We demand that Common Good Lands be safeguarded, their management be democratic and modern, and information regarding Common Good lands and funds be readily available and up to date.

Look at our political structures, our economy, and our land, and you’ll find a fundamental lack of democracy. 

Our focus is land.  Who owns Scotland?  Very few.  Just 432 landowners have 50% of the privately owned land.  That’s a mere 0.008% of the population.

The causes for this extraordinary situation go back centuries – feudalism was only abolished in Scotland a decade ago – but the concentration of land ownership has actually increased in the last 50 years. 

The early years of the Scottish Parliament brought tentative progress in the form of the 2003 Land Reform (Scotland) Act; this legislation, with the provision of a Land Fund, encouraged a series of community buy-outs in rural areas.  These have shown how extraordinarily successful communities can be when they manage their own affairs; producing off-grid electricity, increasing tourism, boosting local jobs… developments essential to stop the disastrous trend of rural depopulation.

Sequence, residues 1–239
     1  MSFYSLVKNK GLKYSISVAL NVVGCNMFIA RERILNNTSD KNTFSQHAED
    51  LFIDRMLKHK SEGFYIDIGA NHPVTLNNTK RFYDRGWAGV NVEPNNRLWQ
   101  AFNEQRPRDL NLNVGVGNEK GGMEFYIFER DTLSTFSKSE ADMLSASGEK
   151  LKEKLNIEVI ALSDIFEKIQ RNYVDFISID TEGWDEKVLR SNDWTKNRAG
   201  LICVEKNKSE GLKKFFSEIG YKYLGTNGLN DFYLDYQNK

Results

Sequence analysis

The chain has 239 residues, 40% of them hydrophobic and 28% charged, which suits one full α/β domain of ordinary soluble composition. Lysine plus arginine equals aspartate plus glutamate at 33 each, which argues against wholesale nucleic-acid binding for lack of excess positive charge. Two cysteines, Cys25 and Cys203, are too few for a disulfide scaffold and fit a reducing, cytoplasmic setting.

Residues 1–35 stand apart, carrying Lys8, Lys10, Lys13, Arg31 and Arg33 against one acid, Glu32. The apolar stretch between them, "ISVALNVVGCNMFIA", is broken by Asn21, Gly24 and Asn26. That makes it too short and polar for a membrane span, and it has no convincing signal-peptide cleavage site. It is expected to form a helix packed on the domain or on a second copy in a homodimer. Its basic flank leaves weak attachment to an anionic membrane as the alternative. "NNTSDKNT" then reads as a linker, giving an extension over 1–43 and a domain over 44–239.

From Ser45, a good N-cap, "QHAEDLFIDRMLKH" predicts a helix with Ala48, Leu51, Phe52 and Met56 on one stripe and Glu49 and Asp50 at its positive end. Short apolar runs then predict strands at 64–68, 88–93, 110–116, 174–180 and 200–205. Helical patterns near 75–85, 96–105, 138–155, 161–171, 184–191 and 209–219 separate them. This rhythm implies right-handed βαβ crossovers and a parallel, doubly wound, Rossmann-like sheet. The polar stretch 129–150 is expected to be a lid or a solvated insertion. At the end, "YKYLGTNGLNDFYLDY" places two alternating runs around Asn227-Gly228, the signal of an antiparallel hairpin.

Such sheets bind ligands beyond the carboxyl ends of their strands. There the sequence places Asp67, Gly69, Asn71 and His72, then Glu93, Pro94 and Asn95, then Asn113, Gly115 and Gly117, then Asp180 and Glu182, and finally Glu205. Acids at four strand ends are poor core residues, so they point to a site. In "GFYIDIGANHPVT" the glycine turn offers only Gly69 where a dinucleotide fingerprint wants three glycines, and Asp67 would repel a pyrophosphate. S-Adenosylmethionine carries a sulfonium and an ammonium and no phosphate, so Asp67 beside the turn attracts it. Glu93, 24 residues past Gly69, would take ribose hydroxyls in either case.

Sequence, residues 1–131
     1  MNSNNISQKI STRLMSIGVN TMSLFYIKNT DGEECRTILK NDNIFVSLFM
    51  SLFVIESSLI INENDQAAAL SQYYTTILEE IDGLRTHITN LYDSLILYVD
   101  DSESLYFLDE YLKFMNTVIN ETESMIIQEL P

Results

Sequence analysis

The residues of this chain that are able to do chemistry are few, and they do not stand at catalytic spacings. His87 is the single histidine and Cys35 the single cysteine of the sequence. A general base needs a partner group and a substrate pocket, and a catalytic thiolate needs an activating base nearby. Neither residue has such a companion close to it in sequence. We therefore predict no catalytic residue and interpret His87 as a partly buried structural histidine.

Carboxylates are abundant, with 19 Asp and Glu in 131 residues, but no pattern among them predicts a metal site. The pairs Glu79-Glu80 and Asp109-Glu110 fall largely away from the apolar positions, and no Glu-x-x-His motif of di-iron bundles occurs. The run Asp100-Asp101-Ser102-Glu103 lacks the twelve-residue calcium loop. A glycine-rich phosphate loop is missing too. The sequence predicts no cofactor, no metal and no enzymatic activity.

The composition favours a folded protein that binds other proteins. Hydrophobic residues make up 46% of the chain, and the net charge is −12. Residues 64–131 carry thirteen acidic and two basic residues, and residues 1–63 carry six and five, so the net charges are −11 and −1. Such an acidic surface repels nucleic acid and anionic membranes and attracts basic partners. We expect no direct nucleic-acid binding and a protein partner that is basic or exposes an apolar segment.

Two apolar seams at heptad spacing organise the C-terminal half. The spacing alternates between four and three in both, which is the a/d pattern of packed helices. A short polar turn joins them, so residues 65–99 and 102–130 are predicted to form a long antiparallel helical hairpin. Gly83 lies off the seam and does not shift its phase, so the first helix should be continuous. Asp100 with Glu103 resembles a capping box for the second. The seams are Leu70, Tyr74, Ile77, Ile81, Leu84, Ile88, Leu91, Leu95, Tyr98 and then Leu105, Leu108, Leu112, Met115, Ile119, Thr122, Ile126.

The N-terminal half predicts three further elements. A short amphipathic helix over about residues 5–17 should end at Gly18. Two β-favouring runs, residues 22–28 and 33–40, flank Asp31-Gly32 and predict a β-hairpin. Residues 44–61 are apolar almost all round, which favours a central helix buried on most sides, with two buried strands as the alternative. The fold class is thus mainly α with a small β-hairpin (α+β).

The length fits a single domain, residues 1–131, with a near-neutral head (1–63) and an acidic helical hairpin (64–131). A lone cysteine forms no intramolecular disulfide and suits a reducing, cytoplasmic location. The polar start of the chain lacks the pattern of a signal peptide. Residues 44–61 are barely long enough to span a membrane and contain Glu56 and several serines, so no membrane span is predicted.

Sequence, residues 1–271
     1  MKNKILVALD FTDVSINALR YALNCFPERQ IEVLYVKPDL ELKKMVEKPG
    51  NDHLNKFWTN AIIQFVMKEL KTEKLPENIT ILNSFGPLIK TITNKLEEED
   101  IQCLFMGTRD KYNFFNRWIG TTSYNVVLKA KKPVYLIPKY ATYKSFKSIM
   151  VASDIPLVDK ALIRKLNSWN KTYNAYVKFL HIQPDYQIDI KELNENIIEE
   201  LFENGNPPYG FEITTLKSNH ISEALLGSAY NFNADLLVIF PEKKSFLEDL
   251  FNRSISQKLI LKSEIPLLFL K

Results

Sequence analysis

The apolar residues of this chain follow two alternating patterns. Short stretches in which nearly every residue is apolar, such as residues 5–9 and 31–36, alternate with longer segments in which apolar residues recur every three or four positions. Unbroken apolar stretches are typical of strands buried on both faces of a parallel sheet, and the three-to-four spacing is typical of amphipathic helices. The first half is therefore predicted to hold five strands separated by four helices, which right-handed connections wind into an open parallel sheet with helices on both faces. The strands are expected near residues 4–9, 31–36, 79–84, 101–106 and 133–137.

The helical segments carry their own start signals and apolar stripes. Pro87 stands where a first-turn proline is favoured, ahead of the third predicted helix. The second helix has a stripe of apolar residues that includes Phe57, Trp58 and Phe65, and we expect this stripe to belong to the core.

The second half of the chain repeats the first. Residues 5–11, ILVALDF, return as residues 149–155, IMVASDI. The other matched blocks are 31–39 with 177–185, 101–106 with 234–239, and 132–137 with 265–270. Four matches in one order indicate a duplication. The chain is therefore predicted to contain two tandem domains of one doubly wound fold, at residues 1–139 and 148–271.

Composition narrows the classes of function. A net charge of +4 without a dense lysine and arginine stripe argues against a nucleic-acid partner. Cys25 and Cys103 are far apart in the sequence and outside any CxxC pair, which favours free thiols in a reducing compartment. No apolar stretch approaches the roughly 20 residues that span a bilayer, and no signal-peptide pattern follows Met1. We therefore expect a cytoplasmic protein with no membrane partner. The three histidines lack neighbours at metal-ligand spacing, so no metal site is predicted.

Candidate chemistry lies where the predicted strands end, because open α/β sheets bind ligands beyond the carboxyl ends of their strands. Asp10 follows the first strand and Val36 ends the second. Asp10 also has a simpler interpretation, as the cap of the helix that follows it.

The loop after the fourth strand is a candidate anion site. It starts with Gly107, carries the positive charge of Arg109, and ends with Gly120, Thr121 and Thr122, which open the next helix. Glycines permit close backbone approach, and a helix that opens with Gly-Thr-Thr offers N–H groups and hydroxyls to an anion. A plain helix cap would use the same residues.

But the case for much bolder, wider-reaching land reform never went away.  It was heard frequently during the referendum debate; increasingly recognised as a central issue for those calling for social justice, democracy and equality in Scotland. 

This isn’t just a rural issue.  Land reform in Scotland has its roots in the struggles of the 1800s to oppose clearances and establish crofters’ rights – but now it is much broader.  Soaring land values and monopoly control are what drive housing shortages, deprivation, urban blight.  Our city centres are full of half-empty hotels, stalled developments, overpriced and ugly student housing. 

Meanwhile rural communities decline further under – often absent – landowners; and vast swathes of the Highlands are set aside as playgrounds for the world’s richest, with troubling ecological and social consequences. This is an issue that affects everyone.